A walk in the winter garden

Posted by on January 21, 2011

Here’s a tip from a Southerner who embraces  winter — garden for the season — it makes the time til spring fly!

We are so fortunate to be able to garden year round in the Raleigh area. I’m sharing the story below from  the current issue of Triangle Gardener magazine.  This gives just a taste of what we can grow in our area with particular interest in providing cover and food for the wildlife.

Winter Wonders – plants for wildlife

Flowers, berries, evergreens and grasses will fill the winter garden with wildlife and give you reason to walk around.

One of the best parts about living in the Triangle are winters worthy of gardening.  In winter, it is more about admiring the garden and the wildlife it brings, than worrying about weeds.  While your winter flowering trees and shrubs are in bloom, the weeds sleep.

Designing a wildlife friendly garden by adding water, food, cover and a place to raise their young, will help entice your wildlife to stay in the garden year ‘round.

Particularly in the winter, providing plants for a wide range of food sources and cover, will keep your wildlife coming back to feed and feel safe.


There are many sources of food for wildlife in winter, including seed, nectar, pollen, berries and nuts.

With a wide variety of cultivars to choose from, the winter flowering, evergreen shrub, Camellia japonica, provide nectar on a day warm enough to move a bee, as do Mahonia and wintersweet (Chimonanthus).  So do flowering apricot trees (Prunus Mume), and perennials such as Hellebores, adding gorgeous flowers to your winter landscape.

With just a few varieties, your winter garden can be filled with blooming flowers all season long.


Many birds will be happy to find Ilex verticillata ‘Winter Red’ holly growing in your garden.  It’s not uncommon to have a a flock of cedar waxwings dine on these and other species of holly berries, as well as, Eastern dogwood, junipers and fruits, such as cherries.  Robins, bluebirds, and thrushes will also find protein rich winter berries the perfect meal.


Crab apple (Malus spp.) can be quite showy in the winter landscape and also provide food for many birds.


When wildlife feed, having cover near by provides protection, creating a safe haven for your wildlife.

Dense, low growing ground covers such as a creeping yew (Cephalotaxus harringtonia ‘Prostrata’) provides winter shelter for many birds.


Tall protective grasses like Calamagrostis x acutiflora ‘Karl Foerster’ and Muhly grass (Muhlenbergia capillaris), left uncut, add interest in the winter garden, as well as, cover for many wildlife.  Native switch grass, Panicum virgatum ‘Shenandoah’, can grow 4 foot tall with a nice blond winter color.


Often times, plants will do double duty providing both food and cover. Viburnum tinus, Spring Bouquet ‘Compactum’, offers berries for birds and quick cover, when needed.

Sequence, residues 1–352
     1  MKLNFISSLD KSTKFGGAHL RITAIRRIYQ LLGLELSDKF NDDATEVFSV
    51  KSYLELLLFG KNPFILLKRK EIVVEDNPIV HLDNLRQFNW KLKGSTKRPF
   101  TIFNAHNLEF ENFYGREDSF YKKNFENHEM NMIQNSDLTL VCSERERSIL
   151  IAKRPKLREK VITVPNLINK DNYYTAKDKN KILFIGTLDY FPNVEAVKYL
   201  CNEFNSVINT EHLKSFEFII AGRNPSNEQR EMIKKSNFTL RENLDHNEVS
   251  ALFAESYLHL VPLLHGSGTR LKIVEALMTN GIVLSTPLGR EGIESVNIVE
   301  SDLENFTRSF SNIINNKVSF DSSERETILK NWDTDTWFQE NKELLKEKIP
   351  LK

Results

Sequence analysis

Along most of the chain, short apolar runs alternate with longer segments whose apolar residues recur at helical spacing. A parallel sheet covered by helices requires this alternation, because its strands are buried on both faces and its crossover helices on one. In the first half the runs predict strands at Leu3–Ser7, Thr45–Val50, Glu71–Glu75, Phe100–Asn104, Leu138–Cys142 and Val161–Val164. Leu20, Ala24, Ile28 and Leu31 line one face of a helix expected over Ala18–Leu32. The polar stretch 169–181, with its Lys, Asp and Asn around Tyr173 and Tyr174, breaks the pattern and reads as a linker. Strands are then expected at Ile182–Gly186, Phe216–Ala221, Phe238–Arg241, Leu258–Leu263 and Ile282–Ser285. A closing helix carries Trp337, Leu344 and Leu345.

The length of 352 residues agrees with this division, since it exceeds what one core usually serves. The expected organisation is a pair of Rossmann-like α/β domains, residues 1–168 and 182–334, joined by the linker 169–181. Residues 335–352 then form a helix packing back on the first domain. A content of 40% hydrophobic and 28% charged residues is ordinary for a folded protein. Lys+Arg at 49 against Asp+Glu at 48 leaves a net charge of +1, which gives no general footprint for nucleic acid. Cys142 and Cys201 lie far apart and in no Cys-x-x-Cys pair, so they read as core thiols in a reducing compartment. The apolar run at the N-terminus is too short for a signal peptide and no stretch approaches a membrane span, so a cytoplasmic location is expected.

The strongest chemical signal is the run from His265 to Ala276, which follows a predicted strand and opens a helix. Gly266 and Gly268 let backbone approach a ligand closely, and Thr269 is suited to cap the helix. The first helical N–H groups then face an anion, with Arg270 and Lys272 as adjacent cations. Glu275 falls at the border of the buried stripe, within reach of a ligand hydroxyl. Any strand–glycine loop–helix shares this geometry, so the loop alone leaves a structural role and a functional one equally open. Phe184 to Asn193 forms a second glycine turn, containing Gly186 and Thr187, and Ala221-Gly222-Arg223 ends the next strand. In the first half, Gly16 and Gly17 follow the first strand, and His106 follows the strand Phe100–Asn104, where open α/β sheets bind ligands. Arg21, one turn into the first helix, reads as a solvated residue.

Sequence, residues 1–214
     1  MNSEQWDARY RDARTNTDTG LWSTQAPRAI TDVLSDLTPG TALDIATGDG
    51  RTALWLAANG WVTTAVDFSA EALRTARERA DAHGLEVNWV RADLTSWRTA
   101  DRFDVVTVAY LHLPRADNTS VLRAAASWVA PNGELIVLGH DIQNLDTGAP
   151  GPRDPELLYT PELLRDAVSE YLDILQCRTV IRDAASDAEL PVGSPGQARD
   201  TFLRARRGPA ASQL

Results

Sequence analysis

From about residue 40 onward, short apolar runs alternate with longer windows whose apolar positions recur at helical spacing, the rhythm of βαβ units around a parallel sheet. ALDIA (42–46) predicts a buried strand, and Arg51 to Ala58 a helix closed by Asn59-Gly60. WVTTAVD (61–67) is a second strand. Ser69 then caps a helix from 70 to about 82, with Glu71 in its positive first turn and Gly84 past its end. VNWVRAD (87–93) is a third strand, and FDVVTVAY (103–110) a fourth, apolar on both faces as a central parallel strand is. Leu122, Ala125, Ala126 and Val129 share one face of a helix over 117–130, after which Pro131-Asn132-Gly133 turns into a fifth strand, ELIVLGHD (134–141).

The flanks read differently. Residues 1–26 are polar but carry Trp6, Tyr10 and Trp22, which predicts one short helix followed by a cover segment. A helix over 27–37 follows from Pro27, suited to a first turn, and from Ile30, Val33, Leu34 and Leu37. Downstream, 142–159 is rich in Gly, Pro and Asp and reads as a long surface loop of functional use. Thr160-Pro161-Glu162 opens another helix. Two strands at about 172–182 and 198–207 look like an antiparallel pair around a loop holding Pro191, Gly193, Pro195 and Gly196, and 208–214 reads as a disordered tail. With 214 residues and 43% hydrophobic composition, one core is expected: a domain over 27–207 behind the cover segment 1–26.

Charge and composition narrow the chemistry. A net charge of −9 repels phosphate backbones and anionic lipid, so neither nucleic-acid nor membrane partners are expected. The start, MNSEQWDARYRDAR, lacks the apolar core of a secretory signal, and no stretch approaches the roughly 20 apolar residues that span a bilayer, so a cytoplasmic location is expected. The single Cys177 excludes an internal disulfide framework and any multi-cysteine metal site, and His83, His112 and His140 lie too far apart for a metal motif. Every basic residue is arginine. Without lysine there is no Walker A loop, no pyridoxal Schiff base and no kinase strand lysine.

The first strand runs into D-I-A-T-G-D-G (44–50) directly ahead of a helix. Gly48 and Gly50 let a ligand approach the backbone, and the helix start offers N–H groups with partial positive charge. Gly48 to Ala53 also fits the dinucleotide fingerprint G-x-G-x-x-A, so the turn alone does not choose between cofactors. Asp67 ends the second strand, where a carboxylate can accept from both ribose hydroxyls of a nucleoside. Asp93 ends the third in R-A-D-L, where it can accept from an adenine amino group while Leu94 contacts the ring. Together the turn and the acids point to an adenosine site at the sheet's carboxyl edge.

It’s worth noting, most double flowers are actually of little use to bees and other insects as many of these new cultivars are bred with the pollen bearing anthers replaced by extra petals. Others are just too ornate for the bees to get to the nectar.  A good example of this is the Camellia japonica cultivar ‘Governor Mouton’.  Indeed, a beautiful flower and worthy of growing in the winter wildlife garden.  But while this Camellia may not have nectar readily available, the ‘Governor Mouton’ will still provided cover for the wildlife and be gorgeous to boot.

Although not all winter plants provide food for wildlife, every evergreen tree and shrub does provide cover.  Choose plants that provide food and cover for your wintertime enjoyment and also enjoy the wildlife they bring.



4 responses to “A walk in the winter garden”

  1. Donna says:

    great post Helen…important points…I love the berries and rose hips that linger in the garden…wish I could garden year round but the snow is pretty in the garden too…just not for 4 months 🙂

  2. HelenYoest says:

    Donna, when we get the occasional snow, I try to get out there even before the kids. It really is pretty and I love getting pristine photos of untouched snow and photos of wildlife footprints.

  3. commonweeder says:

    The piece of information I most appreciate in this post is the fact that double flowers are not of much use to bees. We do everything we can to welcome and sustain the bee population; I’m going to pay particular attention to my flower choices from now on. And winterberry trees are on my must have list. Thanks.

  4. HelenYoest says:

    Layanee, yep it’s an Edgeworthia. I have two in my garden. I know you are loving watching the birds. H.

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